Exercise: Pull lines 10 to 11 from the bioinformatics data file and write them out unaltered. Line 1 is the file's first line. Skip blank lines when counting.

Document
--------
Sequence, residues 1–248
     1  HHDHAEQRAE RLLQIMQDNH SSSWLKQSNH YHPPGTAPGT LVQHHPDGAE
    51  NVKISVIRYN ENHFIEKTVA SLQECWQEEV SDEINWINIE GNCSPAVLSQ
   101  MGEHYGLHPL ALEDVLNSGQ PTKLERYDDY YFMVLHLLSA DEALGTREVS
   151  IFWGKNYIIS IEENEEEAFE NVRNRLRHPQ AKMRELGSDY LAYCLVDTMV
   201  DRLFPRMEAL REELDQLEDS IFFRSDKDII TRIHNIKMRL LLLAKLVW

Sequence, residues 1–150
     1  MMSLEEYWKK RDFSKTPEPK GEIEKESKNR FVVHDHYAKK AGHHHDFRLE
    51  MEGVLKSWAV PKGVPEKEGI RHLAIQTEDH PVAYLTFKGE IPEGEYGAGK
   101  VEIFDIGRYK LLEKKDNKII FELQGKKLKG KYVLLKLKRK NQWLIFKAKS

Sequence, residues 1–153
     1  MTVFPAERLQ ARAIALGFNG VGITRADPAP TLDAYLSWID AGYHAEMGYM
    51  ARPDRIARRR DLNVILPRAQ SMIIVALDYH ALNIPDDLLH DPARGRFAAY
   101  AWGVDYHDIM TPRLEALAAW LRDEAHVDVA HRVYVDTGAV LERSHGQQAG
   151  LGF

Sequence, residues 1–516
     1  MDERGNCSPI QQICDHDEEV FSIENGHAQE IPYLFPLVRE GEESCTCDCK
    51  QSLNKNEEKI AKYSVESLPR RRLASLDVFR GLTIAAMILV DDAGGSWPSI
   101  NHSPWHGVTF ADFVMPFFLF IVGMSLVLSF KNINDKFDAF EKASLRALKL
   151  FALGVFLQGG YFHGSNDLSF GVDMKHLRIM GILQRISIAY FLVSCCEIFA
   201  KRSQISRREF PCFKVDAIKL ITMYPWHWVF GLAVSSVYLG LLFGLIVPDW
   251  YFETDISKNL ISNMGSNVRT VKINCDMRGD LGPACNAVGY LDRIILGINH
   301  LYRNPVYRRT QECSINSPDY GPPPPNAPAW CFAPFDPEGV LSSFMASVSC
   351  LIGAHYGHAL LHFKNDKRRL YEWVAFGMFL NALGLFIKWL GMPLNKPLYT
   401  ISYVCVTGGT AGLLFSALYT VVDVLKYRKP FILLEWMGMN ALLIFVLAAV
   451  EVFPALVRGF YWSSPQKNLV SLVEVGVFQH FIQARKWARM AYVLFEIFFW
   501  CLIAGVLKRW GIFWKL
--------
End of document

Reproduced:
   101  VEIFDIGRYK LLEKKDNKII FELQGKKLKG KYVLLKLKRK NQWLIFKAKS

Sequence, residues 1–153